That's 78.5% higher than the pay for Escambia coaches and whopping 328% higher than what is paid in Broward.

Former Mainland head coach Travis Roland, who won the 2023 Florida 3S state championship last fall before departing to become the head coach at Camden County in Georgia, said the salaries of coaches, especially those who teach, are no up to par with what they can make in Georgia. He also pointed to other financial issues that hinder football programs in Florida.

"The finances is a piece of it. What people miss on is the resources," Roland said. "My assistant coaches at Mainland High School make less than the middle school coaches in Camden County. The school being able to provide you a budget for football, but there's help provided. The weight room has 48 racks in it. It's the resources that are there. We are about to have major stadium renovations. In our region, we are the only one without an indoor facility. I believe at some point we will have one. We have a director of football operations. It's just the resources." 

In December, Travis Roland (holding trophy) celebrated winning a state championship with Mainland football team. Soon thereafter he departed Florida to become head coach at Camden County high school in Florida, largely because of better pay and more financial support for football.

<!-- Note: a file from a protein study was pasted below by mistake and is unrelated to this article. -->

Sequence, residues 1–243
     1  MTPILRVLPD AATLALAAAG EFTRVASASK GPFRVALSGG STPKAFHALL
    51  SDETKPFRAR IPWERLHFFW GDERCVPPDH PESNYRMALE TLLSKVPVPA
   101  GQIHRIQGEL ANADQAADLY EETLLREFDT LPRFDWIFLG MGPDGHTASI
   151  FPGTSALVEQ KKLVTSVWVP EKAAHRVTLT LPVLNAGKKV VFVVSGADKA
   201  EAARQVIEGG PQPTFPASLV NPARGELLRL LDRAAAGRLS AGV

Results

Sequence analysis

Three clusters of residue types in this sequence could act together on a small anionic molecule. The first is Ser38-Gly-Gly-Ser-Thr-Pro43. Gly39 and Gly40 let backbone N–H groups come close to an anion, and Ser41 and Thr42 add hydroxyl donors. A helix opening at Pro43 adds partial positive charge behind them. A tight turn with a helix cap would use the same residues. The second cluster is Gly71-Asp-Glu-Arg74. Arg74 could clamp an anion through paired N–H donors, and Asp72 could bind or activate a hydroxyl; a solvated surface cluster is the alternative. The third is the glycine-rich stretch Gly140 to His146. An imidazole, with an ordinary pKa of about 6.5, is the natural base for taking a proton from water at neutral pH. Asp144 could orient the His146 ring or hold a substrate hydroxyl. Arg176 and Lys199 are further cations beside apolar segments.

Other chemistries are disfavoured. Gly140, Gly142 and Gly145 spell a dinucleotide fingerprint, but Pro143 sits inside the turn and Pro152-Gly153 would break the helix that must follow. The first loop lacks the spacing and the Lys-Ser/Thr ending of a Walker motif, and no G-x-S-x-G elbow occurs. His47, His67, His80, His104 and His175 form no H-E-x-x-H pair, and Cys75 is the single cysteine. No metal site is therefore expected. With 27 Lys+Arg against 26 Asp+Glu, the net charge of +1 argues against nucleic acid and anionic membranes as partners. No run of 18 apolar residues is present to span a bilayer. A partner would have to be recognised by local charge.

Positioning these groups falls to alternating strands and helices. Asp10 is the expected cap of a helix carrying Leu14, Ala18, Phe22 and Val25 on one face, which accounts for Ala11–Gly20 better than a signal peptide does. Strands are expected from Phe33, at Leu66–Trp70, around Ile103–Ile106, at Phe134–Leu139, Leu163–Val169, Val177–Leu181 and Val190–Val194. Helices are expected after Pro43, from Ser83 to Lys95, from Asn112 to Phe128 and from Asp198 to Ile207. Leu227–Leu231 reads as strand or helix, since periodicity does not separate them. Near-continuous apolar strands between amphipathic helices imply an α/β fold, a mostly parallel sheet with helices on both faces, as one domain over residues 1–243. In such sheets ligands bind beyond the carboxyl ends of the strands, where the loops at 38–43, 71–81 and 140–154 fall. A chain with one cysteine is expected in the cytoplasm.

In December, Travis Roland (holding trophy) celebrated winning a state championship with Mainland football team. Soon thereafter he departed Florida to become head coach at Camden County high school in Florida, largely because of better pay and more financial support for football.

According to Crestview head coach Thomas Grant, in Okaloosa County, which is on Florida’s Panhandle, the coaching supplement is designed to bring the total salary for a teacher-coach to the $75,000-$80,000 per year range. In some cases, this makes the supplement higher than it is in other areas, but the overall compensation for a teacher-coach still falls far short of six figures.

"Before it was a situation where coaches were making six figures (in Okaloosa County),” said Grant. “Now that they've separated administrator pay, it's around a starting base pay of $75,000 to $80,000. It is a struggle with everything we help out with kids. I'm not going to let a kid go hungry. When your players want something, you help them out.

“Our pay went down, but what we buy groceries wise has tripled. In Okaloosa County, the pay is better than most of Florida. What would ultimately drive me to Georgia or elsewhere is the help that we get at the high school. I know that's not a state thing, but anyone I speak to in other states, it's the resources you have. It's unbelievable. Getting on a level playing field with the other states would be very nice. I did not get into this for the money, but I just want to be on a level playing field.”

One former head coach who recently departed Florida for a an assistant coaching position in Texas, feels high school sports are on a "different level."

"Loved my time at Bloomingdale and at Lecanto," former Lecanto head coach Jacob Coulson said recently. "I think in Florida you get to coach a different, wide variety of kids because they're from everywhere. All different levels. I think that high school sports in the state of Texas is on a different level. It's not comparable. Not even close."

-- Andy Villamarzo | | @sblivefl